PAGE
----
Hello in Morocco from Peace Corps Day 1998 information package
- Language: Arabic Greeting: Salam oo-alley koom
Comments In Moroccan Arabic, as in Arabic everywhere, this is the standard
basic greeting. It translates literally to "Peace be unto you"
and the response, "Oo-alley koom salam" means "and unto you
Greetings in Morocco will go on for many minutes--sometimes up to 1/2 hour--and
the parties ask about each other's health, faith in Allah, families, work,
etc. Other shorter greetings include "La bess?" meaning literally
"No harm" or something like "How's it going?" "Salam,"
used when passing someone on the street you sort of know but don't stop to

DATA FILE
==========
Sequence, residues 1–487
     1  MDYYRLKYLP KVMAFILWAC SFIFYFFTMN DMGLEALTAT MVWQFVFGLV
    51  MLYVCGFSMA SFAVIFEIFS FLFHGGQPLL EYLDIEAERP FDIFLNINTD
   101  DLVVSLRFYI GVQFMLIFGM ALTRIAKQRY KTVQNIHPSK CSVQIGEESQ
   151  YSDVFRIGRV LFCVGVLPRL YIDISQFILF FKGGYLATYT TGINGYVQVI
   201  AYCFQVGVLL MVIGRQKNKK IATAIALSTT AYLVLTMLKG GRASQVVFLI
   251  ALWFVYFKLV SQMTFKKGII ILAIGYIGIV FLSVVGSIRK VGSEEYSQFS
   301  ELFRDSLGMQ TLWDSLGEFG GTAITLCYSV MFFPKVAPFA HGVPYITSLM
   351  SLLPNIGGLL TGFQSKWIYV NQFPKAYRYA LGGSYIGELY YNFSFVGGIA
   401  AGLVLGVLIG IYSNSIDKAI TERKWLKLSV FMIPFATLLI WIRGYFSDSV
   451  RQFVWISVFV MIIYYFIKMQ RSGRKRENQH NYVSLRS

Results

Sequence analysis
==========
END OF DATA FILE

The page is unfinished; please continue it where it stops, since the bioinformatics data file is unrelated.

talk to, and "Ash khbarak?"--"What's new (with you)?"
Moroccans will shake hands when greeting pretty much anyone, touching the
heart immediately after the handshake to show that the greeting is sincere.
Sometimes instead of touching the heart, they will kiss their own hand after
the handshake, as a sign of particular esteem or affection. In the case
of family or close friends, women greeting women and men greeting men will
kiss each other's cheeks back and forth a few times. In the north, it's
right cheek--left cheek--left cheek. In other parts of the country, it could
be right--left--right, or right--left only. How much you kiss cheeks
also depends on how much you like the person, or how long it's been since
you've seen them. The longer it's been, the more kisses are exchanged.
Women and men who are not related NEVER kiss.
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